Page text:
Beaming Energy For Interstellar Travel

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Once habitable planets are discovered and chemically fingerprinted around nearby stars, there will be a lot of interest in dispatching interstellar probes to check out the best candidates for life.

But dreams of star travel present an awfully steep slope when one calculates the energy needed to make the journey. Though exotic “massless” drives, somehow tapping the “vacuum energy” of space may eventually be realized, let’s assume for this discussion only simple action/reaction engines based on good ol’ Newtonian physics can be used.

ANALYSIS: Harnessing Solar Energy to Sail to the Stars?

Whatever the drive — nuclear fusion, matter-antimatter, and even black hole — enormous reservoirs of fuel are needed to be transported along with the starship. And, that requires even more energy to accelerate and decelerate a fuel-laden massive vessel.

The way around this dilemma is to generate enormous amounts of energy close to home and just beam energy across space to an interstellar probe. Think of propelling a leaf with the power of a garden hose. The leaf is a bare fraction the mass of the hose and water supply.

“It is the only method of interstellar flight that has no physics issues,” writes James Benford of the R&D firm Microwave Sciences.

In the mid-1980s physicist Robert Forward proposed interstellar sails pushed along by energy beams transmitted from Earth. Forward even described how a laser beam could be used to “reverse-thrust” a probe to decelerate into a star system.

ANALYSIS: Tau Zero Takes Aim at Interstellar Propulsion

Giant microwave transmitters aren’t as precise as the collimated beam of a laser, but they are cheaper to build. The aiming issue is offset by “firehoseing” the probe with so much energy it rapidly accelerates before overheating from the microwave blast.

Benford is carrying out laboratory experiments using microwaves to test the basic features of “beam-riding.” They show that a broad conical sail shape appears to work best. The space sail and probe would need to be made of extremely lightweight materials: carbon nanotubes, microtrusses, graphene, and beryllium.

They would have to withstand seething temperature of 2,000 degrees Fahrenheit from the intense beam energy. This calls for an extremely reflective surface that doesn’t absorb many photons.

The directed-energy beam “launcher” requires a substantial investment into a power-sucking huge transmission antenna. Building an interstellar launch a system to propel a U-Haul truck-sized payload would cost $180 trillion by Bedford’s estimates and each mission would cost $500 billion. As bank-busting as this sounds, it is still probably much cheaper than building a self-propelled starship.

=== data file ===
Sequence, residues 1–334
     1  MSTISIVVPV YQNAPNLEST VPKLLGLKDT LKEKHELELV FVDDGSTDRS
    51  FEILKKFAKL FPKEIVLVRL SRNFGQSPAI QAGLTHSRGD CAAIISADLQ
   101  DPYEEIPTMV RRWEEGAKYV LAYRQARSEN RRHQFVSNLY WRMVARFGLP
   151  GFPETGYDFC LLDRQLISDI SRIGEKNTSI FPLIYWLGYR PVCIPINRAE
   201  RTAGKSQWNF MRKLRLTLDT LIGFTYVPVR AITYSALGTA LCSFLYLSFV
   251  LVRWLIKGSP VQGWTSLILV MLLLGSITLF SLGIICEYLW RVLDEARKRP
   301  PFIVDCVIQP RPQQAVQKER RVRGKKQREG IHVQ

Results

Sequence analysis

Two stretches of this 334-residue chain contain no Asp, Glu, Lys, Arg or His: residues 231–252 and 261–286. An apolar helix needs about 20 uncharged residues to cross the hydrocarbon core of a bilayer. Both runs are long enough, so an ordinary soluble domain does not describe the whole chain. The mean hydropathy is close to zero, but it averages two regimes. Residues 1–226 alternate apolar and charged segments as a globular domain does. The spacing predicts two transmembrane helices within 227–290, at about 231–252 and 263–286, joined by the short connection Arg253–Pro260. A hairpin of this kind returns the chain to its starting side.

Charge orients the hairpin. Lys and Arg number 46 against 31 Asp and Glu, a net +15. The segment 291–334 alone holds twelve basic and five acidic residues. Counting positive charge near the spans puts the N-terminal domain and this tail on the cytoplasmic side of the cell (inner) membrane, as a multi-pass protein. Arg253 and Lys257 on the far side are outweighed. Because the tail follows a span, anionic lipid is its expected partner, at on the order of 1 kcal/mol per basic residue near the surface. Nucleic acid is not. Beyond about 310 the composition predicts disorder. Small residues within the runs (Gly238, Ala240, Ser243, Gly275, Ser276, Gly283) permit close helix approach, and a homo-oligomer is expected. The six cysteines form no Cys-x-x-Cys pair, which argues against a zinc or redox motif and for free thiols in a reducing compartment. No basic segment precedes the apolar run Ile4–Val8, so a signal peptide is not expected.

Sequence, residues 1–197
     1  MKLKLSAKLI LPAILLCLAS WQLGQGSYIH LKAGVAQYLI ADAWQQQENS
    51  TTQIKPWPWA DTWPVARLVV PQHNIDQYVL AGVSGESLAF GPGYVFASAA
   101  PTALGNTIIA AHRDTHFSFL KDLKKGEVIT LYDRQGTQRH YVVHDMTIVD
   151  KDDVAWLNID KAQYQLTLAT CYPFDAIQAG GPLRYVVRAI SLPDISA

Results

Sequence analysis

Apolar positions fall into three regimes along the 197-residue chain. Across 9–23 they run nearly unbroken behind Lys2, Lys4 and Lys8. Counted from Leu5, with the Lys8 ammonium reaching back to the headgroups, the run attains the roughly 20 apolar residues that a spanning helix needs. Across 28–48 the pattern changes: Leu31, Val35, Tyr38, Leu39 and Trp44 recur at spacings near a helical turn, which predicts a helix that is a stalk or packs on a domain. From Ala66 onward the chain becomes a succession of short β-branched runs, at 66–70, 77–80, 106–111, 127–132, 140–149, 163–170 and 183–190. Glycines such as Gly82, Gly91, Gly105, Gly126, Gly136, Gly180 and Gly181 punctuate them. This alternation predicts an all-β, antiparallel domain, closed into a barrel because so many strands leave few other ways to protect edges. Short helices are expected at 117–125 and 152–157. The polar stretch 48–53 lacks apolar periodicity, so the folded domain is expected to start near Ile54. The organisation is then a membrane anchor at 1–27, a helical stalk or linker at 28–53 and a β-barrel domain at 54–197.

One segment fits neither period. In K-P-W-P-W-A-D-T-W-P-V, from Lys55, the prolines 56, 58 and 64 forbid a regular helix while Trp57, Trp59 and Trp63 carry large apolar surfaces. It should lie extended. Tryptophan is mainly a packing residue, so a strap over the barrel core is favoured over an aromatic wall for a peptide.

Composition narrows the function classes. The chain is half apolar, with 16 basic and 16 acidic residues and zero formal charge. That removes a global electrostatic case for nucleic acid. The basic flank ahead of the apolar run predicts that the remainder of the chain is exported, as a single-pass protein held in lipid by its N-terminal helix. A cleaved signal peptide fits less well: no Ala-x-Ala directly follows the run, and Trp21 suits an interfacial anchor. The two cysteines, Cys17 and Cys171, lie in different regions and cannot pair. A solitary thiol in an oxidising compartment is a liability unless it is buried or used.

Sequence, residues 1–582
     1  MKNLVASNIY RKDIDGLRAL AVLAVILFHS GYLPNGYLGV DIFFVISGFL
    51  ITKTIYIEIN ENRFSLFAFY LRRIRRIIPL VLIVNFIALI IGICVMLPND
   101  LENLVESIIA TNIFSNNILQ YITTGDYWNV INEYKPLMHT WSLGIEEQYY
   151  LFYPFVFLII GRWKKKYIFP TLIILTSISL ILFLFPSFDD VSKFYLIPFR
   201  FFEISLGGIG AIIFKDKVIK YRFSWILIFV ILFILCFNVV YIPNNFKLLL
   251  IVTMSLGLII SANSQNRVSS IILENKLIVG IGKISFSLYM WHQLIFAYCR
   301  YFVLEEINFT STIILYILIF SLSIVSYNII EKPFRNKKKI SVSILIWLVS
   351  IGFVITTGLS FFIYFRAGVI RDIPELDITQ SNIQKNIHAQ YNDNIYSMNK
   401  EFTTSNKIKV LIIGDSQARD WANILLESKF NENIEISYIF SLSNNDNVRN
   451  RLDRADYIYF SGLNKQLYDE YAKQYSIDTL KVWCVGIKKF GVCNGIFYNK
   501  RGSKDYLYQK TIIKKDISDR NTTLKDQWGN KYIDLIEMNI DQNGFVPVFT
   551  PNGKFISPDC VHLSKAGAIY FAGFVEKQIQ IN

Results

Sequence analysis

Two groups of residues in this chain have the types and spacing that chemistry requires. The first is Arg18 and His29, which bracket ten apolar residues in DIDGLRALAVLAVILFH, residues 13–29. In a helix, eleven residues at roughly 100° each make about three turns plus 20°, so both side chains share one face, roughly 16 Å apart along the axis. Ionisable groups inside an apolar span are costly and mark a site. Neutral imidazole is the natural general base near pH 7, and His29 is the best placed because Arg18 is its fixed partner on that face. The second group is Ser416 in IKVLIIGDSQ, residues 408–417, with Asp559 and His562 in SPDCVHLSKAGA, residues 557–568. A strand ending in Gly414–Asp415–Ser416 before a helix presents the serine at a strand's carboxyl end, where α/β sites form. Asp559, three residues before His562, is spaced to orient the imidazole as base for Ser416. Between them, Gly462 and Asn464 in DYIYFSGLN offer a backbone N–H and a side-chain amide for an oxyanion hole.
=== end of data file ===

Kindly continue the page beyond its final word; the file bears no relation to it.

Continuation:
ANALYSIS: Using Fusion to Propel an Interstellar Probe

What’s more, by being kept on (or near) Earth, the launch system can be serviced and maintained. You wouldn’t find any space parts for repairing your star drive at Alpha Centauri, after all. The entire approach is much more fault-tolerant because a failed probe can be replaced by one from the assembly line.

Benford says that microwave beaming could first be tested to rapidly “FedEx” delivery of critical payloads within the solar system for emergencies like replacing serious equipment failures, or medicine for Mars colonists. The payload could reach speeds approaching 1 million miles per hour after just of few hours of being “beamed.”

A decelerating “beamer” or aerobraking would bring it into Mars orbit. Transit time would be less than two weeks.

A precursor interstellar mission out to the Oort cloud of comets, one light-year away, would call for a 24-gigawatt 2-mile diameter antenna costing around $144 billion, Benford estimates. The payload would weigh 150 pounds, half of the weight being the half-mile diameter sail. After five hours of beaming the probe would be accelerated to 140,000 miles per hour.

A true starship, capable of reaching the neighboring Alpha Centauri system within 40 years at 1/10th the speed of light, would likely weigh several tons unless it made extensive use of nanotechnology. Former NASA Administrator Dan Goldin talked of reducing the size of interstellar probes to that of as soup can.

The killer is that 300 terawatts would need to be beamed from a 60-mile diameter antenna to accelerate this sucker! That’s about 20 times the daily electric power consumption of the entire planet.

The probe would need to be accelerated rapidly to avoid vaporizing the sail. The acceleration would therefore be 50 times the force of gravity on Earth’s surface, or 50G’s – so don’t plan on stowing away onboard, you’ll be flattened like a pancake.

To borrow an idea from Carl Sagan’s 1985 novel Contact, imagine a nearby civilization transmitting blueprints to us for building a practical beaming system. It would be used to launch a time-capsule probe to their star where their own beaming system would decelerate and capture it.

Such interstellar parcel packages might be the only practical way to exchange physical samples between neighboring extraterrestrial civilizations. We might send them the DNA of various species on Earth. Imagine replicating the San Diego Zoo on Alpha Centauri.

Editor’s note: This article was originally published on March 20, 2012.

Image credits: NASA

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